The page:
I was still a fervent, young optimist back then, and those words rattled me, offended me even. Having returned to Zimbabwe after my master’s studies in the United Kingdom — and amid popular disapproval of my choice — I had believed so singularly in making positive change and returning to impart the skills I had had the privilege to gain abroad. 

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Citizens celebrate Zimbabwe’s independence day in 2014.

Source Fungai Machirori/OZY

But four years later, I hear Mhiripiri’s words in my own musings, in emails to friends that feature lines such as the following, written just last month:

“Zimbabwe has ground me to dust. All the things I hoped and dreamed about, Zimbabwe has taught me to put away and replace with pain and mere survival.”

As I searched myself for words to share on social media on November 21, I found solace in those of poet Julius Chingono, who died some years ago. 

“The African Sun
shines bright
even upon dictators
warms even
absolute rulers.
Sets even upon despots.”
(From the anthology Not Another Day

Chingono was an eccentric and sharp-tongued man for his age — he was 65 when he died. I often wondered what his literary career may have been if Zimbabwe hadn’t imploded as spectacularly as it did in the early 2000s. I wept also for him.

I know that to hope is our only chance of survival. As human beings. As Zimbabweans. But I remain wary of forgetting and weary from all these years of needless strife.

And still, I cannot access any joy.

LGBT Asylum Seekers Face a Tough New Battle in Ukraine

An activist's silhouette is seen through a rainbow flag during a Gay Parade in Kiev

Soldado Kowalisidi had fought for LGBT rights in Siberia since 2012, and had come out as a transgender man in 2015, when last year he finally sought shelter in Ukraine, convinced he couldn’t continue his work in Russia anymore. Russia had just passed legislation widely known as the “Yarovaya package” — twin anti-terrorism laws that dramatically expanded the government’s surveillance powers. As one of Siberia’s first openly transgender activists, Kowalisidi had long been a target for Russia’s security service, and for homophobic gangs.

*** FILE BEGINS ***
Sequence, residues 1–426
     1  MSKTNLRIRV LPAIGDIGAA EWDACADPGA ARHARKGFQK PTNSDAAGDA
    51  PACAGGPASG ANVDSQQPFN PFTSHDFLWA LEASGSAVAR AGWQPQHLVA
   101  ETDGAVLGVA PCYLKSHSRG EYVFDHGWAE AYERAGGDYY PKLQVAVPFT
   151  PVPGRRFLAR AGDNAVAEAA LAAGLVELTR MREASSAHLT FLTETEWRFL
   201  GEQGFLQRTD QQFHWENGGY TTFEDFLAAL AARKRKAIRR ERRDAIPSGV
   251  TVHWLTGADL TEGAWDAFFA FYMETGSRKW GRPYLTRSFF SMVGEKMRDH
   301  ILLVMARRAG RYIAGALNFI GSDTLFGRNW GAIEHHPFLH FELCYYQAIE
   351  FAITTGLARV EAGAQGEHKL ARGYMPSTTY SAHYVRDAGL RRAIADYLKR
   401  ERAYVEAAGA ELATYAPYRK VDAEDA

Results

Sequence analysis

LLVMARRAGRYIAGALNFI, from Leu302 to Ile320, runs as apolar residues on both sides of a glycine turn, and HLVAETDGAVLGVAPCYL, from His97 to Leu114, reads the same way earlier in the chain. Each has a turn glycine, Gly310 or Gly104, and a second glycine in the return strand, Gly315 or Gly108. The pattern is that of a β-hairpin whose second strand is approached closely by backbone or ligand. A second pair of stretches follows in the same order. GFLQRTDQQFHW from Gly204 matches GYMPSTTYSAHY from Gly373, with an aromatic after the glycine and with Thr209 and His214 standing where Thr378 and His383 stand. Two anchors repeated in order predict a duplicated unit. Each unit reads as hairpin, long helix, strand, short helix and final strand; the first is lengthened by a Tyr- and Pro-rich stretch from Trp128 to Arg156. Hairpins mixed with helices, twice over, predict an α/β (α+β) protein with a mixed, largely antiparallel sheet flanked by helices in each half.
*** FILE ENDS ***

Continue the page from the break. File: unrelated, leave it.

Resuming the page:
Ukraine, he hoped, would offer him protection.

He was wrong. The 25-year-old was last month denied refugee status by Ukraine’s migration service, his case the latest in a string that human rights activists believe could be the result of discrimination. Just the week before Kowalisidi’s verdict, a Ukrainian court had sided with the migration service in its decision to deny another LGBT activist, Belarusian Edward Tarletsky, refugee status the previous year.

If you haven’t had gender reassignment surgery, you are a woman.

Ukrainian migration official to Kowalisidi, a male transgender asylum seeker

Human rights activists say the treatment of LGBT asylum seekers is symptomatic of Ukraine’s attitude toward the wider LGBT community. Homophobia remains prevalent across the country at a time when Ukraine is preparing to take a seat on the U.N. Human Rights Council for the 2018–2020 term, following its election in October. That means Ukraine will soon hold others accountable for their human rights record while it still faces questions about its treatment of sexual minorities.

One caseworker handling Kowalisidi’s application had no idea what a transgender person was. A second was more blunt. “If you haven’t had gender reassignment surgery, you are a woman,” Kowalisidi recalls the officer telling him. The interviews, he says, made him feel as though he were at fault for being transgender.